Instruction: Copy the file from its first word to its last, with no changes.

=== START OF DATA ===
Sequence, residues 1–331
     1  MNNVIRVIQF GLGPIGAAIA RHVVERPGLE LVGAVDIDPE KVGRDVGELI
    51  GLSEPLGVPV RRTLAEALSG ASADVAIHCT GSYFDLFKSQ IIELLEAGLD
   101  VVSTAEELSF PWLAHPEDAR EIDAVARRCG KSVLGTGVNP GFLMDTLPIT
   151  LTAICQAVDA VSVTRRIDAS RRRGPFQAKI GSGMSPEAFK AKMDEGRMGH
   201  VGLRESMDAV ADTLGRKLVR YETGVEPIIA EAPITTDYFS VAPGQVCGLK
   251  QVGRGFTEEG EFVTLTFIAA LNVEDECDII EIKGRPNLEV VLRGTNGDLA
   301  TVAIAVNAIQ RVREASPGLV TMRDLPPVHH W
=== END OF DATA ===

Sequence, residues 1–331
     1  MNNVIRVIQF GLGPIGAAIA RHVVERPGLE LVGAVDIDPE KVGRDVGELI
    51  GLSEPLGVPV RRTLAEALSG ASADVAIHCT GSYFDLFKSQ IIELLEAGLD
   101  VVSTAEELSF PWLAHPEDAR EIDAVARRCG KSVLGTGVNP GFLMDTLPIT
   151  LTAICQAVDA VSVTRRIDAS RRRGPFQAKI GSGMSPEAFK AKMDEGRMGH
   201  VGLRESMDAV ADTLGRKLVR YETGVEPIIA EAPITTDYFS VAPGQVCGLK
   251  QVGRGFTEEG EFVTLTFIAA LNVEDECDII EIKGRPNLEV VLRGTNGDLA
   301  TVAIAVNAIQ RVREASPGLV TMRDLPPVHH W